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Guarding Traditions and Laws—Disciplining Bodies and Souls: Tradition, science, and religion in the age of Ottoman reform
Journal Article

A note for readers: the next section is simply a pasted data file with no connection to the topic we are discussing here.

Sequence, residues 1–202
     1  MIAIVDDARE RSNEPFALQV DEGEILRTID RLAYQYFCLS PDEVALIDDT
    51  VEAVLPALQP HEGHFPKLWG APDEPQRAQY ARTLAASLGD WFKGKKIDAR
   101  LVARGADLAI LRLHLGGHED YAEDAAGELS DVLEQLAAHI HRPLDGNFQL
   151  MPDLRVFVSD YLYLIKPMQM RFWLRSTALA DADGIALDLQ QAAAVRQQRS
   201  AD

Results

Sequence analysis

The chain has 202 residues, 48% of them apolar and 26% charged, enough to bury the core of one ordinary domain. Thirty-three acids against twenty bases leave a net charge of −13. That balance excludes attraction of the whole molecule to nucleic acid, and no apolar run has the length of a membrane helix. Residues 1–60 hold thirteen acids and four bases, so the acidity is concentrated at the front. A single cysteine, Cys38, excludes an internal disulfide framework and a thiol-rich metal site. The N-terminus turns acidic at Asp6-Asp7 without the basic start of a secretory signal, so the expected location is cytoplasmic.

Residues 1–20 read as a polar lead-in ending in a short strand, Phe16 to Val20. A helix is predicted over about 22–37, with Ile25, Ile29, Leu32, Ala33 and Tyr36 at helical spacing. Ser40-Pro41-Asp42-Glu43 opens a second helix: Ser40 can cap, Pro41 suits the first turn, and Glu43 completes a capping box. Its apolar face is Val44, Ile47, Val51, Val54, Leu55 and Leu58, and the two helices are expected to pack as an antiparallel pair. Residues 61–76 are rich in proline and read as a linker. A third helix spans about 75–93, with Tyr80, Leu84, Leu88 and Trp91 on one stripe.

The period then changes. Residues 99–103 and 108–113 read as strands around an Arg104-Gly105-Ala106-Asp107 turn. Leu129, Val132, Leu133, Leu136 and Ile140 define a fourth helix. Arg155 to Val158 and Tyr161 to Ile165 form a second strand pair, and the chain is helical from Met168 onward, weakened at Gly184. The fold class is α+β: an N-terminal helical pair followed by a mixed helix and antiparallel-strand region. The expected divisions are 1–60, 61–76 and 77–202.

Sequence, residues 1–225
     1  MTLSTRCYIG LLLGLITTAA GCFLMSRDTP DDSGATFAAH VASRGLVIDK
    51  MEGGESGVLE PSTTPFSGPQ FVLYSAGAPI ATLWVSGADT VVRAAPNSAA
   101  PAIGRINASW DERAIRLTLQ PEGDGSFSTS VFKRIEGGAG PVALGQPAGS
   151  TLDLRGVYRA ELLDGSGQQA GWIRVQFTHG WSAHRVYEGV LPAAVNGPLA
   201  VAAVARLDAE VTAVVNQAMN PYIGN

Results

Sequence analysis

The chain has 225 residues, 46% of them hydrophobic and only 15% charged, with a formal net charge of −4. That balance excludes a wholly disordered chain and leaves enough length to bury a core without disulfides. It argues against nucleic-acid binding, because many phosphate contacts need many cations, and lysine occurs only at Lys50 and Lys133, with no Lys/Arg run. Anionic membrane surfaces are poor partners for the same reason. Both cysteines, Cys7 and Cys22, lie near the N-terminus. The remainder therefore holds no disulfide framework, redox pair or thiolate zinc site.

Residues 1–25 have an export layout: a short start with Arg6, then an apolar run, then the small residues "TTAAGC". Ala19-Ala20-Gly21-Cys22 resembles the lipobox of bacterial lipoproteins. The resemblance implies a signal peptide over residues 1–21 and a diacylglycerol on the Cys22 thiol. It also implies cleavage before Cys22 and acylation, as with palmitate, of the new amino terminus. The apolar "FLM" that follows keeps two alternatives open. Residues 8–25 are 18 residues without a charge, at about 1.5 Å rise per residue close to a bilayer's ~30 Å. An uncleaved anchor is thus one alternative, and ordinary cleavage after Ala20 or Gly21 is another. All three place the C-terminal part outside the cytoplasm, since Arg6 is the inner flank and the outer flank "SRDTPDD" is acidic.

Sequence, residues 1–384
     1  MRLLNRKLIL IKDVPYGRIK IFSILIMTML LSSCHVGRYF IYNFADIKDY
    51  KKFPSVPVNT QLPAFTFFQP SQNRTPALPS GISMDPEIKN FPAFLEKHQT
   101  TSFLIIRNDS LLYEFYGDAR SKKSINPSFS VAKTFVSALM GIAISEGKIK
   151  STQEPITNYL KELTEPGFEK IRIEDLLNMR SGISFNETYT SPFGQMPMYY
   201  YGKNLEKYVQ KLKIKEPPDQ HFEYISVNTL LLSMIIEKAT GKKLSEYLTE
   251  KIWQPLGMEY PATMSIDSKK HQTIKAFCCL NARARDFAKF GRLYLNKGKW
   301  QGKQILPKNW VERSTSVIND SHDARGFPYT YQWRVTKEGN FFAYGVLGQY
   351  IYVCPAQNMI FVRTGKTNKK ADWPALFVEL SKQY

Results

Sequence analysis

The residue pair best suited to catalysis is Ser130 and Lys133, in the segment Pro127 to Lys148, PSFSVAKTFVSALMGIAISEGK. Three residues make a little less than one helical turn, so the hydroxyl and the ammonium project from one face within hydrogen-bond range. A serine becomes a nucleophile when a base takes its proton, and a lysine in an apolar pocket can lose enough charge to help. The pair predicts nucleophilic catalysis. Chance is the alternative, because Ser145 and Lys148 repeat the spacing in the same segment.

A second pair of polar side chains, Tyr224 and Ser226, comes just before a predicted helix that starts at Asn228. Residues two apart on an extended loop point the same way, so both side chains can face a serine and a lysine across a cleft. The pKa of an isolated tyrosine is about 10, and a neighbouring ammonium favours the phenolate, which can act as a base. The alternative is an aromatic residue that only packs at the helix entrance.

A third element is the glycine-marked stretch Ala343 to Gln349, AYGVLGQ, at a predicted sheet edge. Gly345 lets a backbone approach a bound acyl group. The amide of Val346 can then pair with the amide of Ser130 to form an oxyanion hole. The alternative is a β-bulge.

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This article examines the religious and intellectual dynamics behind the Ottoman military reform movement, known as the New Order, in the late eighteenth and early nineteenth centuries. Conventionally, the New Order has been examined within the framework of the Westernization of Ottoman military and administrative institutions. The Janissary-led popular opposition to the New Order, on the other hand, has been understood as a conservative resistance, fashioned by Muslim anti-Westernization. This article challenges this assumption, based on a binary between Westernization reforms versus Islamic conservatism. It argues that the Janissary-led popular opposition, which was consolidated long before the New Order, developed as a form of resistance by antinomian elements blocking the top-down disciplinary policies of the central state throughout the seventeenth and eighteenth centuries. The New Order programme, which was unleashed in 1792, was also opposed by the Janissary-led coalition, on the basis that it would wipe out vested privileges and traditions. Supporting the New Order, we see a coalition and different intellectual trends, including: (i) the Euro-Ottoman military enlightenment, led by military engineers and scientists, which developed an agenda to reorganize and discipline the social-military order with universal principles of military engineering and (ii) Islamic puritan activism, which developed an agenda to rejuvenate the Muslim order by eliminating invented traditions, and to discipline Muslim souls with the universal principles of revelation and reason. While the Euro-Ottoman military enlightenment participated in military reform movements in Europe, Islamic activism was part of a trans-Islamic Naqshibandi-Mujaddidi network originating in India. We thus witness a discursive alliance between military enlightenment and Muslim activism, both of which had trans-Ottoman connections, against a Janissary-led popular movement, which mobilized resistance to protect local conventions and traditions.

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